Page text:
The Point

The Point

The Point

A Crisis of Culture

Why contemporary art doesn’t deserve all the hate
(Graphic by Ella Sherry and Chloe Choi)

Monet, Matisse, da Vinci, van Gogh, Caravaggio, Rembrandt, Michelangelo—these are all names of painters most people have heard of before. 

But what about Kara Walker, Kiki Smith, Jaune Quick-to-See Smith, Jeff Koons and Bill Viola? 

In school, when learning about history, we often also talk about the famous artists of the time. 

But mentions of historical artists and how their works were related to the time periods in which they were made seem to end around the time of Frida Kahlo, who died in the 1950s, and Pablo Picasso, who died in the early 1970s. 

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After that, only a few classes discuss artists of the time. Basquait is mentioned occasionally, as are Warhol and Banksy. 

But typically the focus is almost entirely on the classics. I remember learning about “Washington Crossing the Delaware” in elementary school when we talked about the Revolutionary War. We never discussed pieces such as Kara Walker’s pieces and how they relates to the perception of African Americans in U.S. culture. 

Without modern and contemporary art in normal school curricula, people start to undervalue art that is currently being created today. 

“I could do that” is often repeated in museums. People have a hard time trying to decipher the meaning behind a squiggly black line on a blank canvas, and it’s an understandable struggle.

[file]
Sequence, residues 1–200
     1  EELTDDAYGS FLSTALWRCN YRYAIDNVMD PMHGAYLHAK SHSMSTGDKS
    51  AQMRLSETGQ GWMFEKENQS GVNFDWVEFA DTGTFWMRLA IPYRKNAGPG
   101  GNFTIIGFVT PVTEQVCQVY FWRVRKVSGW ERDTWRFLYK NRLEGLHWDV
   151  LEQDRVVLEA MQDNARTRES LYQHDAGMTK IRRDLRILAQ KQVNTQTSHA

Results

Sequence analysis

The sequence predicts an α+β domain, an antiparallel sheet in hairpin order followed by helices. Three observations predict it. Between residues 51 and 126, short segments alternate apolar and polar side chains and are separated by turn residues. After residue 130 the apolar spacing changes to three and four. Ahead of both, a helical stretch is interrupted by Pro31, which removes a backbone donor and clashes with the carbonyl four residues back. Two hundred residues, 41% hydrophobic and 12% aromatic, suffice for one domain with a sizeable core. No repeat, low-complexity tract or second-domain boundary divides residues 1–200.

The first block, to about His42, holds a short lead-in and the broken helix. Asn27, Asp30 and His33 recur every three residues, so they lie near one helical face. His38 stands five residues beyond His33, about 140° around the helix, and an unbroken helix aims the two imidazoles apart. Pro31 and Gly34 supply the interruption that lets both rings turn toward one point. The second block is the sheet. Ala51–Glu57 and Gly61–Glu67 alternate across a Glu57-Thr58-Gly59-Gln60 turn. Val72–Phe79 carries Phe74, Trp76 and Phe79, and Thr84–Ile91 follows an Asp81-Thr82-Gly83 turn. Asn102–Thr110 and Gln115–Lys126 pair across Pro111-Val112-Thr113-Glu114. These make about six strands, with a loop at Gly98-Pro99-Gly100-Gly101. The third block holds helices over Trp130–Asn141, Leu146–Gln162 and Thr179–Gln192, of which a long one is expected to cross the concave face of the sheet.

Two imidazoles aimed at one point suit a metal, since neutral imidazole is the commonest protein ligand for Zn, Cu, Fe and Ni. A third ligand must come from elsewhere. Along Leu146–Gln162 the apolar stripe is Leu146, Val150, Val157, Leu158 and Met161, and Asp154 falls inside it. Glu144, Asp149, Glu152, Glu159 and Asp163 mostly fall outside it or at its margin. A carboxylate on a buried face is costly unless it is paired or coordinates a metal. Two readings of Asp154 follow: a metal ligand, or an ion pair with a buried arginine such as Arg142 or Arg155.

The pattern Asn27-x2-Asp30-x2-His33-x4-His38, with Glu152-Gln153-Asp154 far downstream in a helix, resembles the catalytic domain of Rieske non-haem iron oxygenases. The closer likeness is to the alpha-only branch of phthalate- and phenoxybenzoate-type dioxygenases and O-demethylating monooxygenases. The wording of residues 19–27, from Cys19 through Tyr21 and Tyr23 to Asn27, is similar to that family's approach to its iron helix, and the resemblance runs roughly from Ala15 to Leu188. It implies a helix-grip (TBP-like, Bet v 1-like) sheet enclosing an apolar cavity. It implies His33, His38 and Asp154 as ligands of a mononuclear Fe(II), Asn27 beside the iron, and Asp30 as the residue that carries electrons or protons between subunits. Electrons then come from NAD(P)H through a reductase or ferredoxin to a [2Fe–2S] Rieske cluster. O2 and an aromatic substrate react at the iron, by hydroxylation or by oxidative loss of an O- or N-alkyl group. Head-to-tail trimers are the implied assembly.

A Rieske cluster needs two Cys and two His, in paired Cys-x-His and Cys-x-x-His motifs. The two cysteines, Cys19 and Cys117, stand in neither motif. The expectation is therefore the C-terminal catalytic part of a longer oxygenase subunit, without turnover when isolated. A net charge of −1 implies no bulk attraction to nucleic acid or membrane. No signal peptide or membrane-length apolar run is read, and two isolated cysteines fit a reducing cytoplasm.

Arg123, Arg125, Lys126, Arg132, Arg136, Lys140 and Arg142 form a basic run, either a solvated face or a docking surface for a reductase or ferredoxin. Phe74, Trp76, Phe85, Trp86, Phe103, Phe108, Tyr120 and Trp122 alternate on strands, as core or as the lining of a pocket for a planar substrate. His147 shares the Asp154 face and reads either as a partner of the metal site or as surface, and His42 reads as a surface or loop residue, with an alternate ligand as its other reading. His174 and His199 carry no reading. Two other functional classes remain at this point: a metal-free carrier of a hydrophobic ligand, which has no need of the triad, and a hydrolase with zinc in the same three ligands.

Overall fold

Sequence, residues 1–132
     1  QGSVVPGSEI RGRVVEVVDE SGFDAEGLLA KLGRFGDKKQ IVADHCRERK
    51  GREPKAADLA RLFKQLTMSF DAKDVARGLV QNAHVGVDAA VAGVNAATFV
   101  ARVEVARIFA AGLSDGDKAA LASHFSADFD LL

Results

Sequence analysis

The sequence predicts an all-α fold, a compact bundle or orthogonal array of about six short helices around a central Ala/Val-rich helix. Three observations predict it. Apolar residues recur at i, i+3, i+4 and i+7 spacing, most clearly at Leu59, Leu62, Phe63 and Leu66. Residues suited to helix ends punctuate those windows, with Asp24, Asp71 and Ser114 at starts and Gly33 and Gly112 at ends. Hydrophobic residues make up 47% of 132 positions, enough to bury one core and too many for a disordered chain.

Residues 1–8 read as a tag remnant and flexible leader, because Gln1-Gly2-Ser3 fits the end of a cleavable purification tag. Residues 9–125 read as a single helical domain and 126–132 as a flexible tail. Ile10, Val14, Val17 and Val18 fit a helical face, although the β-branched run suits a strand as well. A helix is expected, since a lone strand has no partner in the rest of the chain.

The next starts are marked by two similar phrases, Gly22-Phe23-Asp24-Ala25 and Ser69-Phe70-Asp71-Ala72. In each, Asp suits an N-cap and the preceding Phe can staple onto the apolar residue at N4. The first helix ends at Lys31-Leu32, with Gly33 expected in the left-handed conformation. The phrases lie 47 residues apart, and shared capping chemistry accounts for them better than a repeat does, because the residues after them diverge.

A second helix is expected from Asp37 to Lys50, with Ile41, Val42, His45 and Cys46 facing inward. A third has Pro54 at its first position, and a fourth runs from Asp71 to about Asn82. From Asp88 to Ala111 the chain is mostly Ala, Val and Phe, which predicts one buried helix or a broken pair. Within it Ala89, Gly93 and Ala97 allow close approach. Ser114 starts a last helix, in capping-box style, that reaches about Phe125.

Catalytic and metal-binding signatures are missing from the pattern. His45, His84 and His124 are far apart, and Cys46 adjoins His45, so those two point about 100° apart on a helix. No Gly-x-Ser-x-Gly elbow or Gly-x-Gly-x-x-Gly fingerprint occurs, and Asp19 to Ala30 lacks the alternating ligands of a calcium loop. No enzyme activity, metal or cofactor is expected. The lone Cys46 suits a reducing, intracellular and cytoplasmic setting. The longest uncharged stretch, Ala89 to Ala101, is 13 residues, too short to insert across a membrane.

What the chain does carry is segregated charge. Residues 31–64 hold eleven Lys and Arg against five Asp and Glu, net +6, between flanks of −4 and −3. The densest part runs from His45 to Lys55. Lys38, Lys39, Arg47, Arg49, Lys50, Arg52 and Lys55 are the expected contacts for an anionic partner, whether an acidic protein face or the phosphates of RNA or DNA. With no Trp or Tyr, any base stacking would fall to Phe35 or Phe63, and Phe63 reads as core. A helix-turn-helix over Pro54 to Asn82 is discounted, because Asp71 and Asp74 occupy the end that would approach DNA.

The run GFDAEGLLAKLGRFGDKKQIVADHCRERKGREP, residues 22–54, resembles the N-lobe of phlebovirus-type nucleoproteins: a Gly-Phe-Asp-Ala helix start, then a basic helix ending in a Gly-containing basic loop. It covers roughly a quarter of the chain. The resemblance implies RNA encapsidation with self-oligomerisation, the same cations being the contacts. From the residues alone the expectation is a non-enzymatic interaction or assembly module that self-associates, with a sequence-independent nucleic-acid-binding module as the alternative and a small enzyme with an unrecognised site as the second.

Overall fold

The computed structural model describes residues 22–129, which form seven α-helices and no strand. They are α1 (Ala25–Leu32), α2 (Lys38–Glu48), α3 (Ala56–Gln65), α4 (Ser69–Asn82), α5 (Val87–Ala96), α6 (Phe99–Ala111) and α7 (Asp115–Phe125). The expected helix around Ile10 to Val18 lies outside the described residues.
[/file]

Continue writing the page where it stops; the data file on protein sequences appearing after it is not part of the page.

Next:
Contemporary art followed a “movement” where artists questioned the actual meaning of art: the Dada “movement.” 

Maybe you’ve seen images of a urinal flipped on its side to resemble a water fountain or a simple mustache and goatee painted on the Mona Lisa’s face—these are two of the most famous examples of Dada art. 

After the Dada “movement,” artists seemed to accept the idea that anything can be art. Hence blank canvases being sold for thousands of dollars and pieces of trash on the ground considered revolutionary works of art. 

This was liberating, perhaps, but it greatly angered the public and continues to today. 

Artists are still struggling with an evolving definition of art and contemporary art can be viewed as a further challenge to the long-held conceptions and ideas about what constitutes art. 

Contemporary art has given artists a space to explore outside of the traditional conventions of art. 

They no longer have to adhere solely to realism or to historical depictions; now, they can experiment with things such as color in ways that would have been looked down on before, even though the general public seems to disapprove of this practice. 

So why should we appreciate contemporary art? 

If audiences don’t understand what artists are trying to say, why should the public care about their work? 

That confusion (and sometimes hatred) of current artworks is exactly why we should value it. An audience’s reaction to these experimental pieces is a vital part of contemporary art. 

In an article in The Michigan Daily, Zhane Yamin argued that “the movement itself hinges on the idea that the meaning of the art comes from within the audience and the importance shifts from whatever grandiose scene might be pictured in previous forms of visual art, to the person participating in the art itself.” 

Contemporary art is challenging society’s current ideas regarding art, which might make it (arguably) one of the most important artistic movements in history, alongside Dada. 

Art is subjective and there will always be people who question the value of today’s art. 

But that does not mean it has no value—contemporary art, though controversial, is paving a path forward for future artists and it should not be ignored.


About the Contributor
Ella Sherry, News/Online Editor